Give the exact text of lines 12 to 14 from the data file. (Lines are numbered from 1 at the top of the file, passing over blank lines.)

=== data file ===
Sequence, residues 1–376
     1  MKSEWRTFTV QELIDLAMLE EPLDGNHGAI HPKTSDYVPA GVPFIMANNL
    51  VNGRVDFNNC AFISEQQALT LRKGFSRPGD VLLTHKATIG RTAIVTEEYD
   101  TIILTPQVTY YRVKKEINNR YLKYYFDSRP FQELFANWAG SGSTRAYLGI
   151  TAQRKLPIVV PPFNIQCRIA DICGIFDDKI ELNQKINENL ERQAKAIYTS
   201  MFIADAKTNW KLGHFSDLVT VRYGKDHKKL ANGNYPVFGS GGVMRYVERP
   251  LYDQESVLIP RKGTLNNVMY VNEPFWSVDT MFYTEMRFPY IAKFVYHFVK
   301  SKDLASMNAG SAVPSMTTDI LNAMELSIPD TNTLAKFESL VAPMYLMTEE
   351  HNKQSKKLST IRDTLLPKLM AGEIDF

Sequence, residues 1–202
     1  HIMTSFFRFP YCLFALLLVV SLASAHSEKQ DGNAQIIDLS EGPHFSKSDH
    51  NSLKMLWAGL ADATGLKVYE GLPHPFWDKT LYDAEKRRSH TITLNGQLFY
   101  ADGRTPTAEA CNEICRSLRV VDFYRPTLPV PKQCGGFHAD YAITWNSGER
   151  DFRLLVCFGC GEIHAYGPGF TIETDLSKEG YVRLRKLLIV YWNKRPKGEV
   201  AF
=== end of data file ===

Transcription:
    51  NSLKMLWAGL ADATGLKVYE GLPHPFWDKT LYDAEKRRSH TITLNGQLFY
   101  ADGRTPTAEA CNEICRSLRV VDFYRPTLPV PKQCGGFHAD YAITWNSGER
   151  DFRLLVCFGC GEIHAYGPGF TIETDLSKEG YVRLRKLLIV YWNKRPKGEV